Fire ant bites happen when a certain type of venomous ant stings. The stings cause a burning sensation, then itchy welts, often in a circular pattern. The welts turn into blisters. Most people can treat fire ant bites at home with antihistamines, over-the-counter steroid creams and cold compresses. But sometimes, the stings can cause systemic or life-threatening reactions.
A fire ant bite occurs when a particular type of aggressive, venomous ant stings your skin.
The bites are painful, itchy and usually on your legs and feet. Rarely, the venom causes a life-threatening reaction.
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A fire ant red-tinged insect. Its size ranges from 1 millimeter (mm) (the tip of a pencil) to 5 mm (the size of a pencil eraser). It has six legs and two pinching mandibles that protrude from its head. It has a pouch of venom and a stinger on its rear end.
Fire ants are common in the United States, especially in the southeast.
Fire ants (Solenopsis invicta and S. richteri) were accidentally imported from South America to Alabama in the 1930s.
The ants live in large numbers in colonies or nests in the ground.
Fire ant bites typically occur when someone accidentally steps on an area of the ground where the insects live. Stings often occur on the exposed skin of your feet, ankles and legs. Fire ants can also attack animals, including pets.
Contact with a fire ant nest will prompt numerous ants to swarm and attack and bite exposed skin.
When a fire ant bites, it attaches its mandibles to your skin. Then, it curves back and sticks its stinger into your skin, injecting venom. It can sting multiple times at once, moving in a circular direction, sometimes, delivering seven or eight stings at a time.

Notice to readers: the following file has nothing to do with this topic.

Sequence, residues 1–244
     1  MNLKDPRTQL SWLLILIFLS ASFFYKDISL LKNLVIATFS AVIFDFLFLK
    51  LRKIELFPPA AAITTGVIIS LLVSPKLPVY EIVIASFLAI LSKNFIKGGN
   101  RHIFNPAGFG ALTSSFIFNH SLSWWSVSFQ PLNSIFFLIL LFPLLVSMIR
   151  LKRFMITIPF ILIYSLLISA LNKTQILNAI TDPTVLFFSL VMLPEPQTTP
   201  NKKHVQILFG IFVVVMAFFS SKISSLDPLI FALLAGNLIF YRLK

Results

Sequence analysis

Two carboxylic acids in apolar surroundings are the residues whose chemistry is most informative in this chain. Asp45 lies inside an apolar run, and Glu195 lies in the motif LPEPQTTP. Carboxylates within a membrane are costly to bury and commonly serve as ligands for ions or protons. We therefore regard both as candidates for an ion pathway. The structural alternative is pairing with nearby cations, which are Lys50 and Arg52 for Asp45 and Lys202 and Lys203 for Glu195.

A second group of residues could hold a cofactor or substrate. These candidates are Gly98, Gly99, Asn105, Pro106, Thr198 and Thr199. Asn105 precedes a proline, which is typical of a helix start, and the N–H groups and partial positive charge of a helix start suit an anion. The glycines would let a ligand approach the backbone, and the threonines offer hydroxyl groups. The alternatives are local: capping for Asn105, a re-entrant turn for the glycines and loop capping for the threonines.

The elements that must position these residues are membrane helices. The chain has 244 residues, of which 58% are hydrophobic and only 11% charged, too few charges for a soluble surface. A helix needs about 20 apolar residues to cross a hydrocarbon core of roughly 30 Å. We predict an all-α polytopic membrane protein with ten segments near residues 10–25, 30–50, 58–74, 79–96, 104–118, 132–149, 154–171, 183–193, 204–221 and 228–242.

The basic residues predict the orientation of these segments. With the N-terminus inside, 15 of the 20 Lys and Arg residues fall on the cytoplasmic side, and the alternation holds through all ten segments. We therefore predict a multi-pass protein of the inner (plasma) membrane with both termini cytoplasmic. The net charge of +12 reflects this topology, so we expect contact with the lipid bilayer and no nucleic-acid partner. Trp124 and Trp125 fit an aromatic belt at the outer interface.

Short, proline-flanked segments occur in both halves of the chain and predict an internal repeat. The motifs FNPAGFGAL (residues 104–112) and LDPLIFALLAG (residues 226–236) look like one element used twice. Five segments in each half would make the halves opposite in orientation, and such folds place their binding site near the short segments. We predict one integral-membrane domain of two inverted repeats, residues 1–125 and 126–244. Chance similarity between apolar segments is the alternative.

The ants may repeatedly sting you unless you kill them or remove them from your skin.
The symptoms of a fire ant bite happen in stages:
Some people experience a more severe reaction:
You or your healthcare provider can often diagnose fire ant bites based on:
You can treat mild fire ant bites at home with the following steps:
More serious systemic or anaphylactic reactions may require:
If the blisters break and become infected, you may need antibiotics.
Don’t squeeze or pop the blisters. Doing so can lead to infections and scars.
Certain strategies can help you reduce your risk of insect bites, including fire ant stings.
Most reactions to fire ant stings last about a week and don’t require much treatment except as mentioned above. Only about 2% of stings lead to severe reactions.
The blisters can leave scars, especially if you pick or pop them.
If you have a serious reaction to fire ant stings, consider consulting with an allergist after you recover. They may recommend allergy testing or a prescription for an epinephrine injector. This can help you in the event of a future fire ant sting.
Seek immediate medical attention if you develop any signs of a systemic or anaphylactic reaction. Although anaphylaxis is rare, it can become life-threatening quickly, so quick action is key.
If you have any blisters or think a blister may be infected, contact your healthcare provider or a dermatologist.
It’s important to seek medical attention if you develop any of the following symptoms:
A note from Cleveland Clinic
Fire ants are aggressive, venomous insects that sting. They cause painful, intensely itchy welts that turn into blisters. Though rare, fire ant venom can cause a life-threatening reaction. Seek immediate medical attention if you have any systemic symptoms.
Last reviewed by a Cleveland Clinic medical professional on 06/28/2022.
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